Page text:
DPP must explain if it does not prosecute
Campaigners for the victims of crime have welcomed a new EU directive that will require the Director of Public Prosecutions to explain decisions not to prosecute and offer victims the right of review.
Anne Delcassian of the European Justice for Families Alliance said the EU directive marked an important step for the victims of crime and their families.
“It means families will have to be informed why the DPP decides not to prosecute so the DPP will have to open up much more to families and that has to be a good development,” she said.
Ms Delcassian, whose sister Irene White was murdered in Dundalk in 2005, was speaking after details of the new directive were revealed by lawyer James Mac Guill.
Mr Mac Guill told a conference in Dublin organised by the alliance that the new directive would mean families and victims would become more involved in the criminal justice process.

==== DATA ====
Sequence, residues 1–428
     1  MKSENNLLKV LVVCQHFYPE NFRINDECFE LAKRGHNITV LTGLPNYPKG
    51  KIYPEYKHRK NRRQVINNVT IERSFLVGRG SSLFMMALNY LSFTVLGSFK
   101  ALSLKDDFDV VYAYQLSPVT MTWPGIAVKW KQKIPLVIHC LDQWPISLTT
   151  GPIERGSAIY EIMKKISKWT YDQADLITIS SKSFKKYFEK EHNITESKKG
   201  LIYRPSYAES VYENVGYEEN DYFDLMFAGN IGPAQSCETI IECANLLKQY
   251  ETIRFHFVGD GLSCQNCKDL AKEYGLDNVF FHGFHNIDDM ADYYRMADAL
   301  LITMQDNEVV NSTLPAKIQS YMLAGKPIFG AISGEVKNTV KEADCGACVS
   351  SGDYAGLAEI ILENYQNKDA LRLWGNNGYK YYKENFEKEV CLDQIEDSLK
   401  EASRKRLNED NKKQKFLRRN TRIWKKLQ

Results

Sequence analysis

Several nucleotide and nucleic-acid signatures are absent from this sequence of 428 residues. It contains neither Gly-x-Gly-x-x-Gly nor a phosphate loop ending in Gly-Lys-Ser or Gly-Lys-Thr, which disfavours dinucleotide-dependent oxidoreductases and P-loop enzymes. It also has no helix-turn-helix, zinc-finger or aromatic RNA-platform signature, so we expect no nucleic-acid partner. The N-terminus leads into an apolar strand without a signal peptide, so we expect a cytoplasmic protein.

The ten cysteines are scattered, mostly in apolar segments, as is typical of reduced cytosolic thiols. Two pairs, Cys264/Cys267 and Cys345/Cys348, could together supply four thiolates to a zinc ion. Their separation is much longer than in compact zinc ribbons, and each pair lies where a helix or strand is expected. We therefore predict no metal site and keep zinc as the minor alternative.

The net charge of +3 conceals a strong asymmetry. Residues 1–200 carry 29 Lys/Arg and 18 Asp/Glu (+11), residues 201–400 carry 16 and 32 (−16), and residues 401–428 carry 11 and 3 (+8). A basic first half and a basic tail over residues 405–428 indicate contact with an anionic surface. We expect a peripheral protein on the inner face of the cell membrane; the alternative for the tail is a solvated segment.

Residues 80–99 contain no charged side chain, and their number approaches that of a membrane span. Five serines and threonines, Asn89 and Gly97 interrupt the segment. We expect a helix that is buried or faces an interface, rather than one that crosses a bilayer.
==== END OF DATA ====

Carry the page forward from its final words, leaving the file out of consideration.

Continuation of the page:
He explained that the EU Directive on Establishing Minimum Standards of the Rights, Support and Protection of Victims of Crime was adopted by the European Parliament last month. It was also adopted by the European Council and will now have to be enacted into Irish legislation after Ireland indicated it wished to opt into the measure.
“The language of the directive is very robust – it says member states ‘shall ensure’ the rights of victims which is a marked change from the current situation here in Ireland.
Excluded from process
“Currently, the victims of crime are very much excluded from the process and almost made feel it’s a privilege for them to be kept informed on developments in the process.”
Mr Mac Guill pointed to Minister for Justice Alan Shatter’s strong record on victims’ rights, having brought forward two Bills to address the issue when in opposition as a cause for optimism regarding the EU directive.
Among the measures included in the directive is a requirement on the DPP to explain to the victims of crime the reason why a decision was taken not to proceed with a prosecution.
The DPP must also ensure a case is reviewed by a second official other than the person who originally examined the file if a victim decides to appeal a decision not to prosecute.